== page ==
Language represents a unique means of communication among human beings. It was always frustrating that machines that excel in complex computational problems were unable to extract information transmitted by language; a task done easily even by small children.
Thus, the vision of JHU in establishing the Center for Language and Speech Processing several decades ago has been well timed. In order to provide for interactions towards the common goal of advancing knowledge and technologies for language processing, the CLSP welcomed faculty from several relevant JHU departments, who joined in the efforts of discovering the secrets of human communication by language and the techniques for its emulation by machines.
From its beginning, the Center has been supported by government research bodies as well as by industries. Over the years, the CLSP has grown into one of the most visible language research groups in the world and our results are well documented not only in a number of publications but also by applications worldwide. Our graduates are found throughout most of major information processing companies and in government-related research organizations.
For more than two decades our Center has been running very successful summer workshops, recently named after the first CLSP director, the Frederick Jelinek Summer Workshops. Past participants from the workshops read like a Who’s Who in language research and break-through techniques from the workshops have made their way into many state-of-the-art language processing systems.
More recently, advances in language technologies have finally started to allow for practical deployments of language processing systems in our daily lives. However, that does not at all mean that research in language processing is done. Just as the early successes of the Wright brothers in flight by machines heavier than air immediately spurred a frenzy of research in relevant aeronautic technologies that gave rise to the current air travel industry, the early successful deployments of language technologies only suggest enormous possibilities of truly human-like language interactions with machines.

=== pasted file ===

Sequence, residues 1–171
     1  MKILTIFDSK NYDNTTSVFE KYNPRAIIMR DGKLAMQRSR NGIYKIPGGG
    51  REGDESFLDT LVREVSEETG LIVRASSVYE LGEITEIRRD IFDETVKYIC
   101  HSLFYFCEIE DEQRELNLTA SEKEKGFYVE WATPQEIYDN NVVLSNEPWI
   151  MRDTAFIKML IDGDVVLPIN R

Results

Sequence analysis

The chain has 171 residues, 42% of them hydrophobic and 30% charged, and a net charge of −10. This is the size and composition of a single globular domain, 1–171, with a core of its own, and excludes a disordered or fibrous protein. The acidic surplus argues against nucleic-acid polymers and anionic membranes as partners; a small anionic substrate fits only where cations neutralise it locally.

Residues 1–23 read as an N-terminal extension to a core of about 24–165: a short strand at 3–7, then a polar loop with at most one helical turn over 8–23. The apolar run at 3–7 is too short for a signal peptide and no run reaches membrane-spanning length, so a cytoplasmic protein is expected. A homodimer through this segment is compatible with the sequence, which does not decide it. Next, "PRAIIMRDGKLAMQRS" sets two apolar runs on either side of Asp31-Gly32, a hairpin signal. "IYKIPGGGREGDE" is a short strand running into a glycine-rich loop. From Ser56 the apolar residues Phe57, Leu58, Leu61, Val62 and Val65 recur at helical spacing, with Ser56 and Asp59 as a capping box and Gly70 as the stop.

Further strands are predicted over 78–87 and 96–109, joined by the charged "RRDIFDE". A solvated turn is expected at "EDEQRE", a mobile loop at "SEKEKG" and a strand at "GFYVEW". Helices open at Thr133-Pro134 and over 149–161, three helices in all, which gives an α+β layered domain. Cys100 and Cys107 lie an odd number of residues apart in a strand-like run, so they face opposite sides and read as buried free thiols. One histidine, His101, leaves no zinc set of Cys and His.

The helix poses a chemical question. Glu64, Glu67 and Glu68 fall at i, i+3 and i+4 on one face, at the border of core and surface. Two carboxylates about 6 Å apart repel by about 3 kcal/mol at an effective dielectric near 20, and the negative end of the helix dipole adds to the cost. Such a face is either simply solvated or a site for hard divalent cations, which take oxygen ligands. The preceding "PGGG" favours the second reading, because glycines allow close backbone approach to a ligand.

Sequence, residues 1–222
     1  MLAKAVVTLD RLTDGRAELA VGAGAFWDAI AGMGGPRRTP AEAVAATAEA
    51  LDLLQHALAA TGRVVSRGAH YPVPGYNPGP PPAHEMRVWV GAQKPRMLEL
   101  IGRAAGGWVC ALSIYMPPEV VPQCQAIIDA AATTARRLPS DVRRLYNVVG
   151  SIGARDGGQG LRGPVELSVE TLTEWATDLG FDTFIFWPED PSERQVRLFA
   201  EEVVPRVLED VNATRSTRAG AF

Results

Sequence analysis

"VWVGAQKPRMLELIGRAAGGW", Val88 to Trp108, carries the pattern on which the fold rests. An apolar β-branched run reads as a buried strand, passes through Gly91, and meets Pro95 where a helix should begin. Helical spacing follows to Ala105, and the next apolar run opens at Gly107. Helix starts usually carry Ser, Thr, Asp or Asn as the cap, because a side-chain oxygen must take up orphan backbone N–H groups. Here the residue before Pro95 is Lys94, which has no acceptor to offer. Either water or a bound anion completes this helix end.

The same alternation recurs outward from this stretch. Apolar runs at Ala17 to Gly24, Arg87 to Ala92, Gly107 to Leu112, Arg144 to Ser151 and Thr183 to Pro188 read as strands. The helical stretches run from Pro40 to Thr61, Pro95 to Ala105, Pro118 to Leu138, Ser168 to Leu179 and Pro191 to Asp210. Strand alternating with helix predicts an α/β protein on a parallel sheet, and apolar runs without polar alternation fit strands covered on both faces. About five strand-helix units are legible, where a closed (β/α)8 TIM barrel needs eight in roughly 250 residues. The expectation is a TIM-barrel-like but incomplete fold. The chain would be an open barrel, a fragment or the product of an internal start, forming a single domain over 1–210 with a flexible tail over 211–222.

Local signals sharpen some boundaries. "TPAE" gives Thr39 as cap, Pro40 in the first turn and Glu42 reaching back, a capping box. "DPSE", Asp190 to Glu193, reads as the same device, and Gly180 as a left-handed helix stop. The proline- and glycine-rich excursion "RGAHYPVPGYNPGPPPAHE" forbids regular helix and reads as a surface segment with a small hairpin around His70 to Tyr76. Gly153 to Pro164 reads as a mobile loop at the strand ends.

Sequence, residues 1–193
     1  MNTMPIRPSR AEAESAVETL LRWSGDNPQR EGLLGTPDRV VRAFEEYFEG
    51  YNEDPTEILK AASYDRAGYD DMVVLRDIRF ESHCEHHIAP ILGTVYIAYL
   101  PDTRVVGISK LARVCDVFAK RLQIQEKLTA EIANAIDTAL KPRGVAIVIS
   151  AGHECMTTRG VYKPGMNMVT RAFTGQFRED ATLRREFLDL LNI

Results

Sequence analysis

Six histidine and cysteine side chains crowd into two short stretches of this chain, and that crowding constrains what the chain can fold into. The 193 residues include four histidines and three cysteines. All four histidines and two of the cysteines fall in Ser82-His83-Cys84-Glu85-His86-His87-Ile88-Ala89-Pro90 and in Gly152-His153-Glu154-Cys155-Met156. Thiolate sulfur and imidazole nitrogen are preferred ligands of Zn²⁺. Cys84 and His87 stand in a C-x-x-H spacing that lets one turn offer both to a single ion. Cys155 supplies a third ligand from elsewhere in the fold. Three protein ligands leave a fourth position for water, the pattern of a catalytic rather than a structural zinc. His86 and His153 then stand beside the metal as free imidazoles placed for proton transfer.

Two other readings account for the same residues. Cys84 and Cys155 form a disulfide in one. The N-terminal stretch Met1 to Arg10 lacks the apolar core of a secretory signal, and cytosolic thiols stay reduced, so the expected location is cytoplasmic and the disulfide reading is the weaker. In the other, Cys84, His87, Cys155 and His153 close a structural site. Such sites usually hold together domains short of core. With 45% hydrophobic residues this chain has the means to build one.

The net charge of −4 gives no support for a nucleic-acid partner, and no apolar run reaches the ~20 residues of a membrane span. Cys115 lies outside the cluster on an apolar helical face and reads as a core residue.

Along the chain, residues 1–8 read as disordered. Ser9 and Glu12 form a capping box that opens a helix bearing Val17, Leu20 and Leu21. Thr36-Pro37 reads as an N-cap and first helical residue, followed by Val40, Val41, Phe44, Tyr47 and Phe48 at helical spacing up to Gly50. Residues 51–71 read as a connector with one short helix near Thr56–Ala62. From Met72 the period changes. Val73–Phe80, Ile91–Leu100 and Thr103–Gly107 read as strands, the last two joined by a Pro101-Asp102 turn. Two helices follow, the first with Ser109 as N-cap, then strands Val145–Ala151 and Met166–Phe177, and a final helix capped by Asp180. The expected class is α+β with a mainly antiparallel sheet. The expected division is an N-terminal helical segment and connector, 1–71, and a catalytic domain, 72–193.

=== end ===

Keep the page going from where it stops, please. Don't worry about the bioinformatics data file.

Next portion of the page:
Subsequently, every major information processing company today maintains significant language processing teams. New applications emerge at a fast pace, spanning from spoken inquiries through mobile phones to on-line language translations. Users demand language interfaces that will accept real-life users from different language and social backgrounds, interacting with machines in natural, effortless ways.
Most would agree that there is still plenty of work ahead before this becomes a reality. I am proud and happy that the CLSP is on the frontline of these efforts. The CLSP’s excellence is well recognized by students who come to the CLSP from all over the world, by CLSP research partners, as well as by funding agencies, all of which are reflected in the CLSP’s growing size and growing research support.